Re:Gender works to end gender inequity and discrimination against girls and women by exposing root causes and advancing research-informed action. Working with multiple sectors and disciplines, we are shaping a world that demands fairness across difference.
NEW YORK (January 21, 2010) — Catalyst announces that initiatives from Campbell Soup Company, Deloitte LLP, Royal Bank of Canada (RBC), and Telstra Corporation Limited are the recipients of the 2010 Catalyst Award, the annual award that honors exceptional initiatives from companies and firms that support and advance women in business. This year’s Award winners, representing a wide range of industries, cultures, and approaches, demonstrate the strong business case supporting women’s advancement to leadership.
Women will succeed in business without special treatment, but organizations that create women-friendly environments are often more collaborative, flexible and adaptive to today’s relationship-oriented, network-run marketplace. They also make more money. A October 2007 Catalyst report found that Fortune 500 companies with more women on their boards outperformed those with the least by 53 percent. The organizations featured here have made engaging the female demographic a priority.
Accenture, a global management consulting, technology services and outsourcing company, operates a strong diversity and inclusion program and supports the advancement of women throughout its many locations.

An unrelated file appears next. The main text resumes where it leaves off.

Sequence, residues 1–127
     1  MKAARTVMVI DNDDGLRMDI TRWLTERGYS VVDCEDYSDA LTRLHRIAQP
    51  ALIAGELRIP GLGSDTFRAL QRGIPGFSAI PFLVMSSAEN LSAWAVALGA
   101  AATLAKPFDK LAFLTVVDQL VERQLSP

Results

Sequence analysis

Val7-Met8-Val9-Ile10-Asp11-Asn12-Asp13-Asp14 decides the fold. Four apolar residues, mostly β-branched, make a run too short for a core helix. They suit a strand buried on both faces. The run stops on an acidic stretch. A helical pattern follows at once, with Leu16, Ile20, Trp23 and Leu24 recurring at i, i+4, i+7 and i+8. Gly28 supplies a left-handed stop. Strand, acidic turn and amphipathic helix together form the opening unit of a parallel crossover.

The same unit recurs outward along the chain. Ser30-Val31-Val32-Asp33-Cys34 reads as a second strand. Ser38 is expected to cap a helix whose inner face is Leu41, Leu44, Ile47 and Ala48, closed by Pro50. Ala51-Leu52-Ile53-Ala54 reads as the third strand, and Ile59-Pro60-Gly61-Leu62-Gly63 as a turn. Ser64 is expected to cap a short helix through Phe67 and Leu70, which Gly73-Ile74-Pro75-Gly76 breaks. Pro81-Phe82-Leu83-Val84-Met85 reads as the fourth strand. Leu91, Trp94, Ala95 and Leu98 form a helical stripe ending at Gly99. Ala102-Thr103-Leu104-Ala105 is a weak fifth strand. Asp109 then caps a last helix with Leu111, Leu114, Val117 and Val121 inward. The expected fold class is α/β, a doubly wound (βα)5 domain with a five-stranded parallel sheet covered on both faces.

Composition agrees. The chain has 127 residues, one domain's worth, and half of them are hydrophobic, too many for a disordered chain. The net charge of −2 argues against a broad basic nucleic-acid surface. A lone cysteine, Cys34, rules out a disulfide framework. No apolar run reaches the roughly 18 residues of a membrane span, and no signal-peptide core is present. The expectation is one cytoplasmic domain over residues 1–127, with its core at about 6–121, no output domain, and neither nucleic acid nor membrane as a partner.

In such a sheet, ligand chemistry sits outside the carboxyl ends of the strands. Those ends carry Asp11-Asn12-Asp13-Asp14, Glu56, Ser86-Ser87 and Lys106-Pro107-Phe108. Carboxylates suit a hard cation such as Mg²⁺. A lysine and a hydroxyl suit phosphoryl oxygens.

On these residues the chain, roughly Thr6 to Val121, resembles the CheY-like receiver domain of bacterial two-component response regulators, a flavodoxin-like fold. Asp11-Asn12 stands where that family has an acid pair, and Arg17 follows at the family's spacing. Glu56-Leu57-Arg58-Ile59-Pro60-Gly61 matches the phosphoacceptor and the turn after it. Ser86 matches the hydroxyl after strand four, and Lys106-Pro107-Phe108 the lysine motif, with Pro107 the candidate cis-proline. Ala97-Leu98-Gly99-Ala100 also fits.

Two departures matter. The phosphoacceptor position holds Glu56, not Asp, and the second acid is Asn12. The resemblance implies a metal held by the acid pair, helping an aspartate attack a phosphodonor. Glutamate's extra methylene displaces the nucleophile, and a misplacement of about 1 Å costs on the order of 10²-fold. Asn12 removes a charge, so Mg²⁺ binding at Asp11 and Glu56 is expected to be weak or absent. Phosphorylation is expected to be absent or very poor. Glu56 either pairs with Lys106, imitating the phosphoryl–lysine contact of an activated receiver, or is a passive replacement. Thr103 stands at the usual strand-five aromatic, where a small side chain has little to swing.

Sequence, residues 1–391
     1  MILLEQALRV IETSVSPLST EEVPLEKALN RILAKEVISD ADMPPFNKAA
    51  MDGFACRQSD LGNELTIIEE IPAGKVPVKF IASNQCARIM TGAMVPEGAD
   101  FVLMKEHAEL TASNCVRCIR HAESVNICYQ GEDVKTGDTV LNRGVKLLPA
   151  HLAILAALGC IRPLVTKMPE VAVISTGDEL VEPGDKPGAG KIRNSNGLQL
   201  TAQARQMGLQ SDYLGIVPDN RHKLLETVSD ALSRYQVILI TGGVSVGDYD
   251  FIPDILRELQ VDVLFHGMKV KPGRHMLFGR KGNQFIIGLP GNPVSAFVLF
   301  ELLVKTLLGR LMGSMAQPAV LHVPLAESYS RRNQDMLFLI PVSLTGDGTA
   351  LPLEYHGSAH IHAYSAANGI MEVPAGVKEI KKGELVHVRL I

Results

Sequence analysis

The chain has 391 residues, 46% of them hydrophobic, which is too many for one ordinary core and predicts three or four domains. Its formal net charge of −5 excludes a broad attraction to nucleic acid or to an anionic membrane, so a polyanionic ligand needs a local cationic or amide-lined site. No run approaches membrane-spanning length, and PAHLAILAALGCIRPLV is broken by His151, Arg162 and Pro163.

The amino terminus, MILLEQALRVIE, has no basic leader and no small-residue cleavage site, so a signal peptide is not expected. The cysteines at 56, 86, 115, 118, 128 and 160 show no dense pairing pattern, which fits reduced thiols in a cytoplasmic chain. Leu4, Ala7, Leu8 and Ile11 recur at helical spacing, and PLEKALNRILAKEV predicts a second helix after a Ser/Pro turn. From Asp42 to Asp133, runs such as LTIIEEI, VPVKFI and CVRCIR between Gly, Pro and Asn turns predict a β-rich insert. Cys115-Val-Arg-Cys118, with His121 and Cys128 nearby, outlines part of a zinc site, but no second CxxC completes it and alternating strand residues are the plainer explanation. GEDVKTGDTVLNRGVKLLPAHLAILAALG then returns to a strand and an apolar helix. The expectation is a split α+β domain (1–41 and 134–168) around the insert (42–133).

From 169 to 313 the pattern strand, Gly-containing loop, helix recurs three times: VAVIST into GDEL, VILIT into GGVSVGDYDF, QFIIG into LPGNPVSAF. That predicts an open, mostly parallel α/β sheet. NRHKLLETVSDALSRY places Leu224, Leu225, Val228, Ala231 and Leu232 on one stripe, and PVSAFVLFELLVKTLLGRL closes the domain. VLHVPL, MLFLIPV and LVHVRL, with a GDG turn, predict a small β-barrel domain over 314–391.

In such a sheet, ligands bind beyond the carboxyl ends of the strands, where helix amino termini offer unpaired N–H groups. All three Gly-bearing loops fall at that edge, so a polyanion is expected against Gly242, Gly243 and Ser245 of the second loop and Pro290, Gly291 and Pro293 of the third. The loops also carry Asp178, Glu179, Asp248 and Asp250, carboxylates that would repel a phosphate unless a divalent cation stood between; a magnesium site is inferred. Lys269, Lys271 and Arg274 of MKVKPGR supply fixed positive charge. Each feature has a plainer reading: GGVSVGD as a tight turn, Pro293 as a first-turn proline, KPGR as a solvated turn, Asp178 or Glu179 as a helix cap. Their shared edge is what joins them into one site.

Originally posted By Gloria Feldt* on November 12, 2009 as a WMC Exclusive
Democratic leaders have said that the turn-around on abortion contained in the House health-reform bill will not appear in the final version. The author, a Women’s Media Center board member and former president of Planned Parenthood Federation of America, explains here why voters who value women’s health cannot sit back and accept such assurances.
Last Saturday, the House passed the historic Affordable Health Care Act (HR 3962), but it came at a steep price for women's reproductive rights, as the Stupak-Pitts Amendment was tacked on -- greatly restricting health insurance options for women.
I started in the financial services industry in 1988 as an analyst at Goldman Sachs. Eight years later at the age of 32, I was the first female trader and youngest woman to be invited in to the partnership of this firm. I was an example of how women could make it on Wall Street and the financial services in general. Or was I?